New book delves into the concept art behind The Force Awakens


Review by C.J. Bunce

Not just another visual guide to Star Wars: The Force Awakens, a new art book from Abrams looks behind the creative process in making a major motion picture.  The Art of Star Wars: The Force Awakens is unusual in that it doesn’t rely on film stills or the typical art design imagery you might find in a making-of movie work.  It is closer to The Hobbit: The Desolation of Smaug Chronicles–Art & Design reviewed previously at here than say Star Trek: The Art of the Film, discussed here, in that it is an exhaustive account of the trials and discarded concepts that come along with creating a new story for an established franchise.

Also, like the Hobbit Chronicles book series, Lucasfilm chose to use one of its own to chronicle the pre-production of the film.  Author Phil Szostak, who has a long history with the art department at Lucasfilm, was embedded in the art department of The Force Awakens crew as a conceptual researcher and archivist from December 2012 through the end of the making of the film.

Luke or Finn

The Art of Star Wars: The Force Awakens provides many possible paths that might have been taken in creating the look and feel of Episode VII.  The most surprising may be that Rey and Finn were going to be called Kira and Sam for nearly the entire production process.  Many members of the press have used imagery from this book to assert that somehow scenes were deleted from the final cut or that the concepts and ideas in the book reflect the original plan, but that’s really not the case.  The ideas thrown around in the planning stages are the same types of ideas used in any production–some ideas are good and are used, others don’t make the cut for any number of reasons.  This is illustrated well in the pre-production for Neill Blomkamp’s Elysium, as seen in Elysium: The Art of the Film, reviewed here.  Many good ideas just get left behind for the needs of the plot and the timing of the film.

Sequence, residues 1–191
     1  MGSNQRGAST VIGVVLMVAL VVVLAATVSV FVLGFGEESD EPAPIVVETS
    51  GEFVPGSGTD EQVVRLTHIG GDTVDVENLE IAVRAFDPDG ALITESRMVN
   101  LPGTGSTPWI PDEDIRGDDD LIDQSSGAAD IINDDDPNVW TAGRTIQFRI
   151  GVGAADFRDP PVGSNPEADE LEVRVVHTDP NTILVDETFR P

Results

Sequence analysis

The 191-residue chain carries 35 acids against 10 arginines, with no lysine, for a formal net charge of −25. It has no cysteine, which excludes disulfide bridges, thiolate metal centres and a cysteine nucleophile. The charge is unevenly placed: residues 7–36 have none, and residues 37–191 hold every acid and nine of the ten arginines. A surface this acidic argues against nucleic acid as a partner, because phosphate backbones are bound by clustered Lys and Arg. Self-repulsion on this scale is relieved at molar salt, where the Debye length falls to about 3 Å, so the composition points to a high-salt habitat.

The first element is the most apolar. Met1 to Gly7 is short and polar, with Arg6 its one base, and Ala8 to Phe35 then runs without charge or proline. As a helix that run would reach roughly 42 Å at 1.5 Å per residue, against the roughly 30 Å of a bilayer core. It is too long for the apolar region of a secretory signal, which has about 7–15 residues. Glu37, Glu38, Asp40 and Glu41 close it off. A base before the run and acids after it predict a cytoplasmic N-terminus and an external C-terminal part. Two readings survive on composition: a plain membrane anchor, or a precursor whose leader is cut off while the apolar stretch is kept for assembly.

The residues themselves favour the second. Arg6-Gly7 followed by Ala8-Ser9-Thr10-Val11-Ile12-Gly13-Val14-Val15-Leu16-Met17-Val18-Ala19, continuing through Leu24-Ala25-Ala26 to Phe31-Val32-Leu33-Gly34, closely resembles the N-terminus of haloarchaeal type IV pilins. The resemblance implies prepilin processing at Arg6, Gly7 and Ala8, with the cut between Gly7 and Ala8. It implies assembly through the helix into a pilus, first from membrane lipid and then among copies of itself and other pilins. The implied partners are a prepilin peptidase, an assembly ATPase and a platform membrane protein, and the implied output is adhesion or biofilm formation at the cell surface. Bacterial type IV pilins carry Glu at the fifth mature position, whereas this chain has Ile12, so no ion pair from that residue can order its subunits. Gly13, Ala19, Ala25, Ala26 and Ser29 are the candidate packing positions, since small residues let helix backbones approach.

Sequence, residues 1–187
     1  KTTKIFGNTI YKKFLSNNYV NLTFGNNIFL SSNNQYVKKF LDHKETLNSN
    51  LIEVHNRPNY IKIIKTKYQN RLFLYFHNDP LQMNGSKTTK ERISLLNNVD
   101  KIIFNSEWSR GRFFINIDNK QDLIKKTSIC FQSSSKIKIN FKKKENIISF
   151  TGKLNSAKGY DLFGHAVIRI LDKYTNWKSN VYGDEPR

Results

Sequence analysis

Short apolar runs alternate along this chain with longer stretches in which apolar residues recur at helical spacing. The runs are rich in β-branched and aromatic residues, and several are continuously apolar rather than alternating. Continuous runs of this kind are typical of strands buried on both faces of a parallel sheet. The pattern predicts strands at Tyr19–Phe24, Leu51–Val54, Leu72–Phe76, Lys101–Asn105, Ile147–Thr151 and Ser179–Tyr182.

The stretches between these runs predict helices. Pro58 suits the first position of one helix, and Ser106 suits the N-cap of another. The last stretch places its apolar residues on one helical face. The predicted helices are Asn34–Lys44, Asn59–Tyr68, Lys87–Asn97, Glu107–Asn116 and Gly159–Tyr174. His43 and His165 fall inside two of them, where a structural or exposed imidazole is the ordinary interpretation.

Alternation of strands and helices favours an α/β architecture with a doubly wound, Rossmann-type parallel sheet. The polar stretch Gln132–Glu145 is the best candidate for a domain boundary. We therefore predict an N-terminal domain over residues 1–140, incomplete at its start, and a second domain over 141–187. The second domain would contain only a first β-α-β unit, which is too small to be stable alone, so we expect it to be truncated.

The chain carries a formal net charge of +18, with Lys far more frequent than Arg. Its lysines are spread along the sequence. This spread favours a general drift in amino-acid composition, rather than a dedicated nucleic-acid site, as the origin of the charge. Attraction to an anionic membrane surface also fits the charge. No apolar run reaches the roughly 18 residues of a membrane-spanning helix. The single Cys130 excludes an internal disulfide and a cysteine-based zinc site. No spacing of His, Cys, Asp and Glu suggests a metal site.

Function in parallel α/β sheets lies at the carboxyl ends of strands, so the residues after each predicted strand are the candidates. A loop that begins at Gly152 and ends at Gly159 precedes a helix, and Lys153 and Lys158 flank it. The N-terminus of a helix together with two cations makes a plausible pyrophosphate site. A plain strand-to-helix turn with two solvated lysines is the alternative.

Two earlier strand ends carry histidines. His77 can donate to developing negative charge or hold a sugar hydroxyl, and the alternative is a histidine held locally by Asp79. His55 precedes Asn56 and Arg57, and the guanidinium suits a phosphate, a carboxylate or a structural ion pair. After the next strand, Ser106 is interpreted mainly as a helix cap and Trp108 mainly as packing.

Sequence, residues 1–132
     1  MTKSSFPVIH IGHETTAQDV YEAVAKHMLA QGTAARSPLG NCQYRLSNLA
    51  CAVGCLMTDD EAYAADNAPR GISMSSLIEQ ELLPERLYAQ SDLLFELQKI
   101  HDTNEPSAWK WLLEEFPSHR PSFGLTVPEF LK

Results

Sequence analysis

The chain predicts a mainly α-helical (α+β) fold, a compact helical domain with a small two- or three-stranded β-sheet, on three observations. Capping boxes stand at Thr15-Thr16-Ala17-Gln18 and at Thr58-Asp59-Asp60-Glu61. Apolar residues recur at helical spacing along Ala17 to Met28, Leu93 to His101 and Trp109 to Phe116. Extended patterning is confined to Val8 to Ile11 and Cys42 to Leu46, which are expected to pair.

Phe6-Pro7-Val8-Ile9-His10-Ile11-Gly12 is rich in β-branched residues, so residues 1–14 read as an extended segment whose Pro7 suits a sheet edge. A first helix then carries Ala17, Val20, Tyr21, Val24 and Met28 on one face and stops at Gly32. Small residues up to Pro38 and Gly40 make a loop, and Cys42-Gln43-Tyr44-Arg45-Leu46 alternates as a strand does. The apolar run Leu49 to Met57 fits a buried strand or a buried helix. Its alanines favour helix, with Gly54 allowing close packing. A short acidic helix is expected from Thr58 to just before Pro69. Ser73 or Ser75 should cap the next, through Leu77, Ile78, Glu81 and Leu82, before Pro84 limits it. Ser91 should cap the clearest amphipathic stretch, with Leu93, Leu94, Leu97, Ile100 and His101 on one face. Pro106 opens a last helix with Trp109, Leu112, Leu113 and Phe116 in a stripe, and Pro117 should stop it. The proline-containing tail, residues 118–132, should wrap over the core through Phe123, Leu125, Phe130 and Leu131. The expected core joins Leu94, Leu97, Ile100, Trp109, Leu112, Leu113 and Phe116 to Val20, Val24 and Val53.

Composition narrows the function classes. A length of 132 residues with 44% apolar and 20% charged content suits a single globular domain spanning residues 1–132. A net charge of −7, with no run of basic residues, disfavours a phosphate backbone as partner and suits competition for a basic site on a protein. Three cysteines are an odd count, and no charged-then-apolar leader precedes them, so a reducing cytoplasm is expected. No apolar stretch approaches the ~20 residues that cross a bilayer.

Look for plenty of production paintings, concept sketches, storyboard art, blueprints, and matte paintings, and even some costume designs ultimately used for key characters like Poe, Rey, and Han Solo.  There’s something for every sci-fi fan here.  Maz Kanata concept drawings have a striking similarity to E.T., the Extra-Terrestrial.  The artists really stuck to the designs of the original Death Star space stations for much of their ideas.  And the stormtroopers from the original trilogy seem to have been the design the artists thought would be used for much of their concept paintings.  Only the chrome stormtrooper Captain Phasma seems to have been planned for some time.  One image (above) looks like Luke Skywalker (although the text refers to the character as Finn) and an unknown woman meeting with Maz Kanata–could this be someone’s idea of backstory for Luke delivering his lightsaber to this wise old woman?


Fans of the Star Trek: Ships of the Line series will also enjoy all the similarly rendered images of spaceships and strange new worlds created for Star Wars: The Force Awakens in this book.  The only things it could use more of are Michael Kaplan’s own costume designs and detail work on new props created for the movie.  Since this is now the biggest selling movie of all time, we’re thinking these are likely the subjects of future books.

Get your copy of The Art of Star Wars: The Force Awakens now here at

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